While I personally consider this as a work-life balance indicator, you can to tweak it to fit what’s important to you. It might be important for you to make a lot of money becuase you want to FIRE and if your job lets you optimise for that, it’s a good choice for your life! Obviously limit this to a few years because not focusing on your health will lead to burnout.
Are these indicators equally important?
I started with equal weights and realised that I’ve generally optimised my career for growth and not factoring for that doesn’t make sense. I’ve often changed jobs and teams because I was passionate about an industry or technology. This reduced the impact I could have had, especially in the first few months, but got me invaluable experience and I never felt bad about the decision.
I’ve set the weight for growth to 40% and the other three indicators to 20%. Anything below 50 marks a wasted period and ideally you should try to stay above 75. With these weights in place, the combinations become quite interesting and I’ve shared a few examples ahead.
Impact + Culture 🔴
You love the mission and put ridiculous hours at work but you stay within your area of expertise and don’t look for opportunities to grow. During this period people often feel they are doing great but I consider this as a wasted period where you toil and increase chances of burnout.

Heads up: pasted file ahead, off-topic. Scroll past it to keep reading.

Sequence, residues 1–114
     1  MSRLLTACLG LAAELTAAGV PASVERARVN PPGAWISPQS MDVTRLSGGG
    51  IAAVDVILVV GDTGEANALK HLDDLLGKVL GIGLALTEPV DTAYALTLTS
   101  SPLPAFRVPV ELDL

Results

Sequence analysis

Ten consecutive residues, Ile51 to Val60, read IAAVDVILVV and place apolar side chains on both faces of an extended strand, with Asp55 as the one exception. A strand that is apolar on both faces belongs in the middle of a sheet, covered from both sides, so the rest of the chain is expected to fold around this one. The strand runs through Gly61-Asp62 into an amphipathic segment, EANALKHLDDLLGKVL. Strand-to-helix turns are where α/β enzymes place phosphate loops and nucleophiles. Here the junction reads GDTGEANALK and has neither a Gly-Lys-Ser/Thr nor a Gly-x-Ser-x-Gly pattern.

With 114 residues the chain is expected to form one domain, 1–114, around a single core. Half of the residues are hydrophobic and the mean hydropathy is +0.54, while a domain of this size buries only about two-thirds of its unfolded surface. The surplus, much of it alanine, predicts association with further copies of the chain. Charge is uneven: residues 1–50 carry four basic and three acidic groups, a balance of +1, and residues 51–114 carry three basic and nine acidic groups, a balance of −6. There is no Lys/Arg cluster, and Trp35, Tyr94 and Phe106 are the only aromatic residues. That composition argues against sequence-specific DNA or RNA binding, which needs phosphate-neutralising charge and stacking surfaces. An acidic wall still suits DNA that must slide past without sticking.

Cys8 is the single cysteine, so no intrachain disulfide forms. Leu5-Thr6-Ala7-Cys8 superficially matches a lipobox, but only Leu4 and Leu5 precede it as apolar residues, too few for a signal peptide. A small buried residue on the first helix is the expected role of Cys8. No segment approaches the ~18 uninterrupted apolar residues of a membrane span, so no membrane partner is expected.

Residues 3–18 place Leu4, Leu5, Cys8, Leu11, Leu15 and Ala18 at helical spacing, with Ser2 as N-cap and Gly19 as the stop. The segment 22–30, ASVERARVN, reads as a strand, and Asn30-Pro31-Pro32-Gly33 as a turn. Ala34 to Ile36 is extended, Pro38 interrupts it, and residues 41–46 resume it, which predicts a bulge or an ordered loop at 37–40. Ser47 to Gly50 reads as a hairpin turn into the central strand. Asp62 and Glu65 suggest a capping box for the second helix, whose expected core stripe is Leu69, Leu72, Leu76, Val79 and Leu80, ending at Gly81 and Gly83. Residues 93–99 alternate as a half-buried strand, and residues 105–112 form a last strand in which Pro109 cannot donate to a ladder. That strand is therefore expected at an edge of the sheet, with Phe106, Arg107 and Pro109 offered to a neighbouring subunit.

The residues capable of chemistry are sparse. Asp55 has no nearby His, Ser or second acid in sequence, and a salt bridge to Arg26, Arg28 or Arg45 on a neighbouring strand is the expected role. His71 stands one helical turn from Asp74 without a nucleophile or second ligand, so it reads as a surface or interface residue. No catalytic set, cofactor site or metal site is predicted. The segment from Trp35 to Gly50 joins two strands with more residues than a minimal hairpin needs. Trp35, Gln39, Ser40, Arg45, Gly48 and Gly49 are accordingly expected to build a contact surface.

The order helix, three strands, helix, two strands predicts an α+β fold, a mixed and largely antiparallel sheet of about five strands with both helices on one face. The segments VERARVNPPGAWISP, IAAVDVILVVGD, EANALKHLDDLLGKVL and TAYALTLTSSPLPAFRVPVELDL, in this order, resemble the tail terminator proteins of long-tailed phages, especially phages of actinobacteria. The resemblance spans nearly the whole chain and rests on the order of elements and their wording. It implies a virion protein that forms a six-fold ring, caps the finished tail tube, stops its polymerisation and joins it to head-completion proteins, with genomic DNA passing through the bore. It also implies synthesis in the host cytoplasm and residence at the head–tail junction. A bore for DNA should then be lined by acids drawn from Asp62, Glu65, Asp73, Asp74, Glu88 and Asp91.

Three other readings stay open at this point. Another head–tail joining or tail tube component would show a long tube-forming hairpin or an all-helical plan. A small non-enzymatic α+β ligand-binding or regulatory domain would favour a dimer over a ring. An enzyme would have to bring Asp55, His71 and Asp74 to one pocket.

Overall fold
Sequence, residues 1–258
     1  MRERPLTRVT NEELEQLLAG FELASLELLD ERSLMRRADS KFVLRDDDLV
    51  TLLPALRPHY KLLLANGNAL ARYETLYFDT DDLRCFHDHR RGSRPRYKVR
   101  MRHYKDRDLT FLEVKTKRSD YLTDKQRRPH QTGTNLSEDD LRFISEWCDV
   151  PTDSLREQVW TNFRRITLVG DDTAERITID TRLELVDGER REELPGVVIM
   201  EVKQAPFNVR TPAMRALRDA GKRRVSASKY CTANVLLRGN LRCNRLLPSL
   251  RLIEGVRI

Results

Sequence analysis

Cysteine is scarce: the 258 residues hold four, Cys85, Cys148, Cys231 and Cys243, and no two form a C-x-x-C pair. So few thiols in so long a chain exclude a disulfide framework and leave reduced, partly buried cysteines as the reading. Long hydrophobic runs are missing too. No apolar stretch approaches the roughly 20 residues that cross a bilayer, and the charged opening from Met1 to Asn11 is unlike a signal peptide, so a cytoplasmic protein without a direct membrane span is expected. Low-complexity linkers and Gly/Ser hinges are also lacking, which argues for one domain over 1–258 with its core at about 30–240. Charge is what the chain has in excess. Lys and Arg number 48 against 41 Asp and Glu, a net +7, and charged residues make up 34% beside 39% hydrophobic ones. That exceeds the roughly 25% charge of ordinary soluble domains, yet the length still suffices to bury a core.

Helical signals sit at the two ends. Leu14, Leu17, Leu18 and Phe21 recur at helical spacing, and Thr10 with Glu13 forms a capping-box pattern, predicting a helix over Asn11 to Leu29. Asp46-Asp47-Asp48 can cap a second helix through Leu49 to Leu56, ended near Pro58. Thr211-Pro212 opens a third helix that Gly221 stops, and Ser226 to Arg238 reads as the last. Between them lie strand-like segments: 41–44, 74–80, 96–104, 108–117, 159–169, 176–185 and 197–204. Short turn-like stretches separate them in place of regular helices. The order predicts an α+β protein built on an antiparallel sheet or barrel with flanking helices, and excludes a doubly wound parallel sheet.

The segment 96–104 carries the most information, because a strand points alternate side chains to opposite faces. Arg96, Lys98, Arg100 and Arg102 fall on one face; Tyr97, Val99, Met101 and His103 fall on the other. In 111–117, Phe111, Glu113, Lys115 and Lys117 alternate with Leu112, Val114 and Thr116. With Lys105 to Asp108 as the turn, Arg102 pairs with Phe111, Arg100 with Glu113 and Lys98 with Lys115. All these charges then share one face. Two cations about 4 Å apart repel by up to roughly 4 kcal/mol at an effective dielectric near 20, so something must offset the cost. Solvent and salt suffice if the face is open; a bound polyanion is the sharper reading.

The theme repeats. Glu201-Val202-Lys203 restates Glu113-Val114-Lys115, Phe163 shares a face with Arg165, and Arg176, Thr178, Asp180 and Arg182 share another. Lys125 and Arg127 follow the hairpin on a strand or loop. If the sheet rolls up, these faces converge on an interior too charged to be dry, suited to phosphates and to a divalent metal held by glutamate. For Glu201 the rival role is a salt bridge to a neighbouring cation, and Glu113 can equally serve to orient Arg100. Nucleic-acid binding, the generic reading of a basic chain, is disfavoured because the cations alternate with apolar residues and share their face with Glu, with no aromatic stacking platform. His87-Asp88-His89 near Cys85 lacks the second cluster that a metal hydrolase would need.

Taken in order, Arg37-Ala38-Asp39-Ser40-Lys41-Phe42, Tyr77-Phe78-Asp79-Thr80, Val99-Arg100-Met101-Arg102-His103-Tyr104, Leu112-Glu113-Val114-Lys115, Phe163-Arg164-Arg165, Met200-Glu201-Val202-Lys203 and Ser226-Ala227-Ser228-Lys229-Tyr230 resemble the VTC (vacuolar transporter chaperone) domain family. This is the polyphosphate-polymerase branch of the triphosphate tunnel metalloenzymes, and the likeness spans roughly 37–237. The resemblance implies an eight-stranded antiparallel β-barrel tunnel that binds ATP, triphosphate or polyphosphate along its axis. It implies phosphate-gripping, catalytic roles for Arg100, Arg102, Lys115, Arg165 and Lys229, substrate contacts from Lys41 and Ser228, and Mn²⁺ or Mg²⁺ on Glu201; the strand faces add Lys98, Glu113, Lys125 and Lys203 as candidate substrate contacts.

Culture + Life 🔴
You love working with your team and the job allows you to balance your work and personal life but you aren’t learning or having any meaningful impact. These jobs/teams are often the hardest to quit but if you want to have a purposeful, rewarding career you need to identify these and move on.
Growth + Impact/Culture/Life 🟢
You can have short periods in your career where you focus on growth and ignore a couple of other parameters. These are generally short because typically the focus on growth will help increase your impact, allow you to make more time for your personal life or at least make it easier to find a new job that’s a better cultural fit.
Reflecting on my career
How much time did I waste?
The whole point of this exercise was to apply this to my own career and after spending all the time identifying these indicators, and I did finally get to that. The result was rather disappointing - I had wasted 31% of my career (over 4 years!) but all the retrospection felt really helpful so I decided to analyse the peaks and troughs and drew a trend line on the series. Thankfully that showed that my career is on a slow but upward trajectory.
How does my career look on a graph?
The period that stood out to me was the first 4.5 years of my career. I went straight from university to a large software company, learned a lot but also got rather comfortable with my role and team. I stayed in a bubble where most of my friends worked at the same place and it made it really hard to see what I was missing out. I waited too long to switch and ended up picking the first job that felt different and paid better. It was clearly a rushed decision and ended up being much worse for my career. Until I switched jobs yet again, I had little idea of what a rewarding and high growth job looks like and that made it hard to understand what I was missing.
Some of my learnings from this exercise will definitely end up in my toolbox for helping folks make the most out of their careers. If you found this interesting, I would highly recommend spending some time reflecting on your career too, it’s totally worth the effort.
If you do, I’ve shared a Google Sheets template based on what I used to gather data and plot charts above. I would love to hear about your results!